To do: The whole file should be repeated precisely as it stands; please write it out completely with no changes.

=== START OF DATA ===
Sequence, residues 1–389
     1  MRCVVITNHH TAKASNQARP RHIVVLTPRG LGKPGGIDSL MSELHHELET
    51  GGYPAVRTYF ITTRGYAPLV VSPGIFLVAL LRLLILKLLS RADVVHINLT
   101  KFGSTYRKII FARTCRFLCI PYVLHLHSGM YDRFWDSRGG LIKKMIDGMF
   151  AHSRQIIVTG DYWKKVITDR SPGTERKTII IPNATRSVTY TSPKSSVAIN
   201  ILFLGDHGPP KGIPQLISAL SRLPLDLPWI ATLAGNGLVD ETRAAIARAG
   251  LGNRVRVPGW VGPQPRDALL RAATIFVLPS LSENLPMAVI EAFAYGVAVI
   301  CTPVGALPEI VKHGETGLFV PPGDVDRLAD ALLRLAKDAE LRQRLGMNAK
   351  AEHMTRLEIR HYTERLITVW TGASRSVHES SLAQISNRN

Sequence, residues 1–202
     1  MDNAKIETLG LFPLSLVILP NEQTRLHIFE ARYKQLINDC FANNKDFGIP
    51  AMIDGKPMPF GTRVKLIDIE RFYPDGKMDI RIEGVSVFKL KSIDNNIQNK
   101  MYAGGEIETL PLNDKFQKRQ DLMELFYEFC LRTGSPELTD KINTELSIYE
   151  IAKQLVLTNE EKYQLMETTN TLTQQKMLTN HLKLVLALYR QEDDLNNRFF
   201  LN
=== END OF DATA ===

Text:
Sequence, residues 1–389
     1  MRCVVITNHH TAKASNQARP RHIVVLTPRG LGKPGGIDSL MSELHHELET
    51  GGYPAVRTYF ITTRGYAPLV VSPGIFLVAL LRLLILKLLS RADVVHINLT
   101  KFGSTYRKII FARTCRFLCI PYVLHLHSGM YDRFWDSRGG LIKKMIDGMF
   151  AHSRQIIVTG DYWKKVITDR SPGTERKTII IPNATRSVTY TSPKSSVAIN
   201  ILFLGDHGPP KGIPQLISAL SRLPLDLPWI ATLAGNGLVD ETRAAIARAG
   251  LGNRVRVPGW VGPQPRDALL RAATIFVLPS LSENLPMAVI EAFAYGVAVI
   301  CTPVGALPEI VKHGETGLFV PPGDVDRLAD ALLRLAKDAE LRQRLGMNAK
   351  AEHMTRLEIR HYTERLITVW TGASRSVHES SLAQISNRN

Sequence, residues 1–202
     1  MDNAKIETLG LFPLSLVILP NEQTRLHIFE ARYKQLINDC FANNKDFGIP
    51  AMIDGKPMPF GTRVKLIDIE RFYPDGKMDI RIEGVSVFKL KSIDNNIQNK
   101  MYAGGEIETL PLNDKFQKRQ DLMELFYEFC LRTGSPELTD KINTELSIYE
   151  IAKQLVLTNE EKYQLMETTN TLTQQKMLTN HLKLVLALYR QEDDLNNRFF
   201  LN